A former Edmonton chiropractor who pleaded guilty to sexually assaulting six female patients decades earlier — including two children — was sentenced on Wednesday to two years in jail and two years probation.
Ronald Latch, 67, stood in the prisoner’s box as complainants and their supporters listened to Court of Queen’s Bench Justice Marta Burns hand down his sentence.
Burns agreed with aggravating factors laid out by Crown prosecutor Katherine Fraser, noting Latch was in a position of trust, some of the abuse was repeated and two of the victims were children.
“Mr. Latch planned and executed a reprehensible scheme of sexually assaulting his female patients within the privacy of an examination room for his own sexual benefit,” Burns said.
“Each victim was in an extremely vulnerable position in these circumstances and Mr. Latch’s egregious breach of trust is highly aggravating.”
But the judge also agreed with defence lawyer Karanpal Aujla, describing Latch’s guilty plea as a “significant mitigating factor” because it meant the complainants did not have to testify.
Latch, who will be on probation for two years after his jail sentence, must submit a DNA sample to a national database. His name will be added to the sex offender’s registry for life.
In March, Latch pleaded guilty and admitted to preying on patients between 1981 and 1990. An agreed statement of facts said Latched massaged their breasts and used a vibrator on their legs and genitals.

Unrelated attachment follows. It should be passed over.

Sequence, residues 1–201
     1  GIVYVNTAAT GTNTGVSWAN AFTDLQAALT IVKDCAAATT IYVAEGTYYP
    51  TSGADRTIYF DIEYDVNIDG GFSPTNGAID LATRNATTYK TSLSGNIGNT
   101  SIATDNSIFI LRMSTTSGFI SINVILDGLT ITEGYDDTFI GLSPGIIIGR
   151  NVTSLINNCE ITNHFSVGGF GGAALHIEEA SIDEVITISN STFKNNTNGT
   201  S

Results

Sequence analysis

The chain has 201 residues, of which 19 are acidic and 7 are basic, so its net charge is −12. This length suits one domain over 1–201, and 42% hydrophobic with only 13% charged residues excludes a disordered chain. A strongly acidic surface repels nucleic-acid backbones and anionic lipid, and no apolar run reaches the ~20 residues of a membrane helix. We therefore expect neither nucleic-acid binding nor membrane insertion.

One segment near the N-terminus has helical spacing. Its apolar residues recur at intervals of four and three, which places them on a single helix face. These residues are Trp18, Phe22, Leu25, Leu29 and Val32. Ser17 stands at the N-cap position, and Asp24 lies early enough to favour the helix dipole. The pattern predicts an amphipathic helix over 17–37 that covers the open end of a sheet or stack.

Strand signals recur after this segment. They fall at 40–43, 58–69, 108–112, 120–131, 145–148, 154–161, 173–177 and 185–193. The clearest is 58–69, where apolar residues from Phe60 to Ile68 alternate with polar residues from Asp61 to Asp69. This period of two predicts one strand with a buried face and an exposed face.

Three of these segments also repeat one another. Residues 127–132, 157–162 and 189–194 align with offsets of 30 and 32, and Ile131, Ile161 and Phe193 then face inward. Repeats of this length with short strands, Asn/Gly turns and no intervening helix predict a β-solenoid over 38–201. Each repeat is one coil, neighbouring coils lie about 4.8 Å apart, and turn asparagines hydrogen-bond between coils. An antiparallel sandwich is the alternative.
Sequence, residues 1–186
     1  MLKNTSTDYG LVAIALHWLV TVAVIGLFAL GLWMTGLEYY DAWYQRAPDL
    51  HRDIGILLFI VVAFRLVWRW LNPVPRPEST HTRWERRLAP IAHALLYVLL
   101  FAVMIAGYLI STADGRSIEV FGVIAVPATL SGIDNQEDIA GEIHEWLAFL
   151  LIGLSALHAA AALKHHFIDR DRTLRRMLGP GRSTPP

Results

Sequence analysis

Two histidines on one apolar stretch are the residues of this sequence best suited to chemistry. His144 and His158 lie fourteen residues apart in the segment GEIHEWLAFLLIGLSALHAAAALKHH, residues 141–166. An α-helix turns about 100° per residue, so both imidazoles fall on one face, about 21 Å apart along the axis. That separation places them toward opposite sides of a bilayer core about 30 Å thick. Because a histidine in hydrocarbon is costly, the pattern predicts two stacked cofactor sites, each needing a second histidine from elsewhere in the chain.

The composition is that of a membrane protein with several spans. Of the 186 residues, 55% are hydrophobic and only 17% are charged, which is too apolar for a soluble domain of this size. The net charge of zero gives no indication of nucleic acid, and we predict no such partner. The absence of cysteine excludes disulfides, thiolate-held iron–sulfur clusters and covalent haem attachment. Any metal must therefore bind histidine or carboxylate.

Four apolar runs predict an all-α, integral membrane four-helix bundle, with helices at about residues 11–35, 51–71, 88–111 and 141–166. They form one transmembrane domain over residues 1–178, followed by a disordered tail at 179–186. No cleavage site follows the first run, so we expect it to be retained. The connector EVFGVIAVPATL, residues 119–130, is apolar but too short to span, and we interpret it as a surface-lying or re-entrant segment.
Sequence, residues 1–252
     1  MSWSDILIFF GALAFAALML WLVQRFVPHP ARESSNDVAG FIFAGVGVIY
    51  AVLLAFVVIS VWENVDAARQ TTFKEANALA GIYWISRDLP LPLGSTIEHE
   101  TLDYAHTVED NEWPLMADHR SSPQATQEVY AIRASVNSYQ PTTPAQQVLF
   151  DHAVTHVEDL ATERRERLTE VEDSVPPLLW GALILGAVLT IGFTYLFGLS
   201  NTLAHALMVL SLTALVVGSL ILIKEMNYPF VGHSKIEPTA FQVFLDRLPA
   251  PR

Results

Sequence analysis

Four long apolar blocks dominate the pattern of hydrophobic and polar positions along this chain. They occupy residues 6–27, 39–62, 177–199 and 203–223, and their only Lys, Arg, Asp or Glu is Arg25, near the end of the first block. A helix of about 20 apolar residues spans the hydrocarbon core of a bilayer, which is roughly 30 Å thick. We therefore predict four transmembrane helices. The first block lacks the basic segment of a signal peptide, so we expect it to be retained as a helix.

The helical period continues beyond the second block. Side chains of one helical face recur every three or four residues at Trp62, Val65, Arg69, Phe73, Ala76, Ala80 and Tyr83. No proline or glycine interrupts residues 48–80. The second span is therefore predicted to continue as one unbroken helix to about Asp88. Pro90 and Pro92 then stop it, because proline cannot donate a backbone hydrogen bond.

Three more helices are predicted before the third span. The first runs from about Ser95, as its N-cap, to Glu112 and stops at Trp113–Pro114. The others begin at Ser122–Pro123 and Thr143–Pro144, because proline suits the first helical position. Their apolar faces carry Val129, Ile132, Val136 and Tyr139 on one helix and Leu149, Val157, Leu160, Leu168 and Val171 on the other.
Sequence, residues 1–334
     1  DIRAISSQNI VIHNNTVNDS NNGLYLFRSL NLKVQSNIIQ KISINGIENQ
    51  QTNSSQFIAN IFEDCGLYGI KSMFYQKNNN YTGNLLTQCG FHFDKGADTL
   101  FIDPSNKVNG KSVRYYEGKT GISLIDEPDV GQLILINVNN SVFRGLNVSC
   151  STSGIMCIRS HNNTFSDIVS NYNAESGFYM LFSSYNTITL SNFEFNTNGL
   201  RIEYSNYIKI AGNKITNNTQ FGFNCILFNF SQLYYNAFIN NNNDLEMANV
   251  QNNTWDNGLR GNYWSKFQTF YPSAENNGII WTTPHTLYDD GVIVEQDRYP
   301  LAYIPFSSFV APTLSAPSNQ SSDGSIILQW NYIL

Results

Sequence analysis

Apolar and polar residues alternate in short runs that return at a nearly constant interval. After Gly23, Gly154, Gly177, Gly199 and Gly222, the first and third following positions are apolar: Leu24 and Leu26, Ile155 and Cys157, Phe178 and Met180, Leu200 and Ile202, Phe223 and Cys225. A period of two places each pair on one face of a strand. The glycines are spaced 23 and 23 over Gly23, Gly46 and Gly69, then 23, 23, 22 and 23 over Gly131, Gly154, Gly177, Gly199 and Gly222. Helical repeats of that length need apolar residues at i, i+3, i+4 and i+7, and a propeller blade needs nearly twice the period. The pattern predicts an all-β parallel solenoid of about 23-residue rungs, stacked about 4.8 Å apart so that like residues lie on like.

Among the victims were an 11-year-old girl and two sisters. The victims’ identities are protected by a court-ordered publication ban.
“The day you stole my childhood nothing was the same as it was before,” wrote one victim in an impact statement read in court on Wednesday.
“I screamed silent screams every time I saw you, hoping it would end, hoping someone would see my silent pleas to take me from there. But that would not be the case. My world collapsed in so many ways.”
Statements from other victims described a range of consequences: from addiction, shame, low self-esteem and anxiety to the inability to work in high-paying jobs, bond in intimate relationships, enjoy sex or trust men.
‘I am not your victim’
But there was another common theme among the statements: empowerment.
“I am strong and I am stronger than you will ever be,” said one woman, her voice steady and clear as she read her own statement in court and someone wept in the gallery.
“I am a survivor of your abuse. I am not your victim. You can now own the life sentence that I have been carrying since I was a child.”
Leaning on the prisoner’s box looking out at the gallery, Latch, a married father of two adult children, apologized to the victims for violating their trust and causing such misery in their lives.
“I cannot ask for your forgiveness as there can’t be forgiveness for what I have done,” Latch said. “And no matter what I’m sentenced, my true punishment will be when I go before my maker.”
Court heard since being charged Latch has worked menial jobs to make ends meet and he has the support of family and friends. He recently lost the chiropractor’s license he’s had since 1981.
Outside the courtroom, one of the six women described the sentence as disgusting.
“When the value of six women’s trauma … is brought down to two years, that’s disgusting and that’s misogyny at its highest,” she said.
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